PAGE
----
Plainview’s Amanda Rogers, a student at Plainview-Old Bethpage John F. Kennedy High School and member of Makom, a Jewish community on Long Island, recently wrote this letter to her rabbi regarding her experiences this past summer doing community service in Nicaragua. With permission from Rogers’ mother Helaine, the Plainview-Old Bethpage Herald republishes her letter.
By Amanda Rogers
Strength comes in many different forms. Physical strength is usually the first thing that comes to mind when envisioning strength. For example, when someone goes to the gym to become stronger. However, the vast majority do not think of emotional strength.
Emotional strength enables individuals to have the power to do anything from an everyday task to doing things that are thought to be impossible. Emotional strength can come from almost anything or anywhere; a teacher can inspire a student to do better in school, teammates can motivate one another to get past an obstacle, friends can encourage each other to follow their dreams or just a simple compliment can give an individual inner strength. Moses’ faith in God gave him the emotional strength necessary to free the Israelites, lead them through the wilderness, and climb Mount Sinai to receive the Ten Commandments.
This summer I traveled to Nicaragua, the second poorest country in the western hemisphere. While abroad I had the opportunity to do community service within the poor communities.
These communities amazed me because although they did not have the gadgets and material items that we “cannot live without” in the United States, they had everything that they needed and had what communities like ours lack. After school the children go to centers in the communities and play together for the rest of the day. On weekends the entire community would converge onto a giant field where they would play games and connect with each other. In comparison to the communities in the United States, the community is an extended family. The community would draw strength, support and aid each other.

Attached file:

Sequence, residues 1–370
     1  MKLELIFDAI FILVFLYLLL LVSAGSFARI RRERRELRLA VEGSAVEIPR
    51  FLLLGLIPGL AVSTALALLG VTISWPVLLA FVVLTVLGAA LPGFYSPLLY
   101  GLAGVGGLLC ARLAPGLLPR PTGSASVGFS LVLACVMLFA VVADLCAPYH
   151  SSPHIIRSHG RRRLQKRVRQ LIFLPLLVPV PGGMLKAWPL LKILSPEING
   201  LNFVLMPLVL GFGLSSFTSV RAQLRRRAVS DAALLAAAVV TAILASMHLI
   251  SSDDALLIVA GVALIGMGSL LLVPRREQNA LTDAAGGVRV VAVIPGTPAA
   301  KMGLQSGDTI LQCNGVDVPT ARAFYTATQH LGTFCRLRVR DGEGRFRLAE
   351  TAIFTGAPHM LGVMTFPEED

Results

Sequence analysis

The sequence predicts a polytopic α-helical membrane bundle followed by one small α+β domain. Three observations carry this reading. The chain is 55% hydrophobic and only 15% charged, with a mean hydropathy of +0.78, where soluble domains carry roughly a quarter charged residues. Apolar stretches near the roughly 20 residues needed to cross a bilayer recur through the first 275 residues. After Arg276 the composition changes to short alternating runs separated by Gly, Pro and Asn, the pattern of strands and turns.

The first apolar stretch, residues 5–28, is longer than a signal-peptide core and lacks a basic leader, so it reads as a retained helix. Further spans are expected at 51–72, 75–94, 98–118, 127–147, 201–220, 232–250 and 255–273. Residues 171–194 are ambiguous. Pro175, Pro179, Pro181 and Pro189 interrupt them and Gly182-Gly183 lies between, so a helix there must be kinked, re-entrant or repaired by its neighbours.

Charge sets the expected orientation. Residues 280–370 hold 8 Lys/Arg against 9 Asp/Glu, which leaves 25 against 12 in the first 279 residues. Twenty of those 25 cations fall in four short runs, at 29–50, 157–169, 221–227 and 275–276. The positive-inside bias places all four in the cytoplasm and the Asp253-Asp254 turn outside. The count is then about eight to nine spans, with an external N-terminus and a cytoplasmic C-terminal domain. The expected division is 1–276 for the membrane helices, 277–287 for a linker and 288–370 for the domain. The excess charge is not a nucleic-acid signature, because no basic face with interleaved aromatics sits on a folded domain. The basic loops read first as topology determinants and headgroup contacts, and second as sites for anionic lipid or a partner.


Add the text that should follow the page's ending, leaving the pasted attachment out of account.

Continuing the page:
When my bus knocked down a power line that affected a single house on our way to the community center, all of the neighbors came out to support the family and help them repair the power line. The Nicaraguan community leans on one another to financially support their families and encourages each other to follow their dreams. Although this community doesn’t have much, one thing they do have is a strong bond and sense of community for one another that is fueled by emotional strength.
During my travels abroad my friends and I decided to buy some books to read with the local children. The local children were not very well educated due to a lack of a schools and education system. Their limited education is received at the local community center where people volunteer to teach them. The few of us that knew enough Spanish to read the books were joined by the little kids. They were unable to read well but they had the confidence to read with my friends and I to the best of their ability. They had the courage to join in with us and attempt to read the books. They weren’t embarrassed when they needed help with a word or couldn’t keep up with the pace someone was reading at. The children were just so happy that someone was spending time and teaching them. They were giving their undivided attention to my friends and I. The children did not care that they stuttered, or had difficulties. They had the strength and were determined to sit with us and do their best to read back to us.
Emotional strength does not come from outside sources; in order to truly have emotional strength we all have to turn inside and see our self worth and importance. You have to believe in yourself and know your own self worth. Emotional strength is building yourself up when you’re knocked down and recognizing when you need help. This is the most important source of emotional strength because no matter how much the people around you believe in you, it doesn’t matter unless you believe in yourself.